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      RANDALL, SIAS, son of Thomas and Annie (BATCHELDER) RANDALL, was born in Danville, Vermont, in 1822. His grandfather, Israel RANDALL, came from Nottingham, New Hampshire, prior to the Revolution, and took up a large tract of land near North Danville. 

      He reared a family of six sons and three daughters, and after the manner of the times the sons all sought careers elsewhere, except Thomas, the youngest son, who remained on the home farm, reared a family of eight sons and three daughters, and died in 1830, at the age of fifty-one. 

      Sias, the youngest child, found a home with Judkins, his eldest brother. After receiving a good common school education and one term at Phillips academy, he taught two terms of school. 

      Four of his brothers were then settled in that neighborhood, and three of them in company with Sias, and a brother-in-law, began the manufacture of threshing machines, which was continued seven years. Not a single RANDALL now remains in North Danville, and Sias is the sole survivor of this large family. In 1850 he withdrew from the firm, moved to Paddock Village, and there began the manufacture of threshing machines, founding the business long conducted by B. F. ROLLINS. Mr. RANDALL helped make the doors, sash, and blinds of the old Passumpsic House, which was erected on blocks in the spring of 1850, just before the coming of the railroad. Paddock Village was the business center and contained the J. H. PADDOCK iron foundry and machine shop, Lindorf MORRIS' sash and blind factory, Hancock's furniture factory, a sawmill and a gristmill. Mr. RANDALL erected in 1854 the nucleus of RANDALL's block, 30x50 feet, two stories, and soon started, with Dr. HOYT, the second drug store in St. Johnsbury, BINGHAM's being the first. He carried the lines of paints, oil, and glass, and during the rapidly growing period following the close of the war his business amounted to $30,000 annually. 

      In 1868 he rebuilt the block, making it fifty feet front on Railroad street, with a depth of more than 100 feet, and from three to five stories high, and at the present time there are fourteen tenements. In 1862 Dr. HOYT withdrew, and Mr. RANDALL continued to successfully conduct the business alone until 1884, when he sold to his son, George RANDALL, who died in '87. Edson RANDALL, another son, soon engaged in the drug business and conducted it for a dozen years.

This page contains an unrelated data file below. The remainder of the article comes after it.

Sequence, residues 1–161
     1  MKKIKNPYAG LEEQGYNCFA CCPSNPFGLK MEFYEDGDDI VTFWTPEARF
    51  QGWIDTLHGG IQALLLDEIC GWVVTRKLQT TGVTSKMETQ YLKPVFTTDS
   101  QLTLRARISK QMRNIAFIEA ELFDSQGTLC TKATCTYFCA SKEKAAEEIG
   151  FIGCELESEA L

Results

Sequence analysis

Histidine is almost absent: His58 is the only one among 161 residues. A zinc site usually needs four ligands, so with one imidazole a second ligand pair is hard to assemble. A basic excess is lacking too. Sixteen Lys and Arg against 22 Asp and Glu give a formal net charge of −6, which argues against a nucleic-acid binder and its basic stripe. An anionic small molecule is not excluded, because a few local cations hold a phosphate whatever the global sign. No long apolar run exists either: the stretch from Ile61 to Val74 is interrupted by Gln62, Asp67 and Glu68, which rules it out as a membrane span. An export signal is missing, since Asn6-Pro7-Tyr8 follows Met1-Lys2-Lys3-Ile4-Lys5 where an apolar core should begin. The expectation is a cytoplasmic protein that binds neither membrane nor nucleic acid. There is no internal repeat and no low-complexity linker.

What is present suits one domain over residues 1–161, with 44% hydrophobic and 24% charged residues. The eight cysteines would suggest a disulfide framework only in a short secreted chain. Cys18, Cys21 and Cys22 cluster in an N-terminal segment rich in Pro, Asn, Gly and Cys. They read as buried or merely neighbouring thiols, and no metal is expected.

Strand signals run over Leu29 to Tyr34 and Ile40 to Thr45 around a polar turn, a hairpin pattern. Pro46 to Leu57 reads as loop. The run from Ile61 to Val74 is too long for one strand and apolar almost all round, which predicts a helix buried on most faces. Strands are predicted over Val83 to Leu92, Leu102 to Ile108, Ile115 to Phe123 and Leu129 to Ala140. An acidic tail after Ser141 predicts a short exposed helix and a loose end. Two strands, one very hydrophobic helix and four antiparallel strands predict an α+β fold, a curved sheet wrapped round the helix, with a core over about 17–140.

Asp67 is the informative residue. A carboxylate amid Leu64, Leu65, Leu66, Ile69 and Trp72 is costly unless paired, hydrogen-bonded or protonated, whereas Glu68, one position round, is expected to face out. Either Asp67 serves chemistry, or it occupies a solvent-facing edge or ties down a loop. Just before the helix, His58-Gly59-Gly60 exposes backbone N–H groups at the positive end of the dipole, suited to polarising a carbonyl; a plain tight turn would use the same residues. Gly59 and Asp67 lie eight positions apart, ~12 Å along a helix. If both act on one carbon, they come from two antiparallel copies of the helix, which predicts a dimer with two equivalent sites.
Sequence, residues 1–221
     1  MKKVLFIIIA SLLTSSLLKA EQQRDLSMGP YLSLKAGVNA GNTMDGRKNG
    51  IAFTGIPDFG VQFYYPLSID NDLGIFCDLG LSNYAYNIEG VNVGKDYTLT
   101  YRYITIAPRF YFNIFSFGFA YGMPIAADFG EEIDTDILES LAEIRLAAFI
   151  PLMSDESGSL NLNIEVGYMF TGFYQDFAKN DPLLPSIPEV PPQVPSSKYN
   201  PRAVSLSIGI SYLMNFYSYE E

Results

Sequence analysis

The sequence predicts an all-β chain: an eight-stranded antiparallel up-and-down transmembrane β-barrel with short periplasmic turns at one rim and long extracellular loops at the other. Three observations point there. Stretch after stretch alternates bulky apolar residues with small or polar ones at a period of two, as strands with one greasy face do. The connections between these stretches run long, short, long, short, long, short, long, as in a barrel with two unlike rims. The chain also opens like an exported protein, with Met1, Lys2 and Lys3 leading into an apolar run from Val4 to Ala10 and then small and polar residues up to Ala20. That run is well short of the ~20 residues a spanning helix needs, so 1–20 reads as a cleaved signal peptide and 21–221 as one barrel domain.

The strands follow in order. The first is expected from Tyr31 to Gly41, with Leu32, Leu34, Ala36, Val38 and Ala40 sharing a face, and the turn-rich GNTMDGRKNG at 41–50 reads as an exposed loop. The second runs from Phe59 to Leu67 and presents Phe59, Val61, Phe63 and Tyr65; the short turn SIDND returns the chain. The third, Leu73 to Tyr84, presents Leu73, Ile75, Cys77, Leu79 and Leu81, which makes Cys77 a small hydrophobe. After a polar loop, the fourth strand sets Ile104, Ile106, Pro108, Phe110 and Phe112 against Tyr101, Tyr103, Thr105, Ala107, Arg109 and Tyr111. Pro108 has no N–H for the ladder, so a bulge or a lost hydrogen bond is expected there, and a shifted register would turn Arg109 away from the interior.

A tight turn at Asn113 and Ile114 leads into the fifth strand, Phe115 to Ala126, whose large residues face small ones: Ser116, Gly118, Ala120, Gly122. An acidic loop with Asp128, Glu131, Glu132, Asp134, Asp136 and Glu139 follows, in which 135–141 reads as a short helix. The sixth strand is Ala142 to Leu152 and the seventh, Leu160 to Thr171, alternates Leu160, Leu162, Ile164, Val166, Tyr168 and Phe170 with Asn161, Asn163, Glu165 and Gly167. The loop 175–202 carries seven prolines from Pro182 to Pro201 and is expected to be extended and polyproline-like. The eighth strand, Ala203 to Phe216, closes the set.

Although practically retired since 1884, Sias RANDALL continues to work in the store when occasion requires and carries his eighty-one years bravely. He has served the town repeatedly as constable, collector, and selectman, six years as overseer, and nearly half a century as surveyor of wood and lumber. 

      Although a shrewd and successful financier, Mr. RANDALL has ever been liberal to public enterprises, and of generous, kindly impulses, he has helped many a man to his personal loss. During a period of half a century he served as conductor to more than eleven hundred funerals, and always without compensation. He is one of the eldest Odd Fellows in town and a charter member of the Knights of Pythias. He was a member of the building committee in the erection of Odd Fellows' block, and the rebuilding of the M. E. church. 

      Sias RANDALL married, in 1846, Laura Ann WEED, who died twenty years later, leaving four children, George, Clara (Mrs. P. J. NOYES of Lancaster, New Hampshire), Frank of Hot Springs, Arkansas, and Edson. 

      In 1867 he married Philura STEAMS of St. Johnsbury, who died in 1873, leaving one son, Arthur, a traveling salesman in Iowa. His third wife is Mary Ann KENISON, widow of Lyman BABCOCK. 

      Edson N. RANDALL was born in 1859. He began in business for himself to sell small wares at eighteen years of age. His store in Randall block is really a department store, an exposition of almost everything used in housekeeping, including a great variety of ladies' garments and dry goods. 

Source:  Successful Vermonters, William H. Jeffrey, E. Burke, Vermont, The Historical Publishing Company, 1904, page 67-69.

Prepared by Tom Dunn December 2004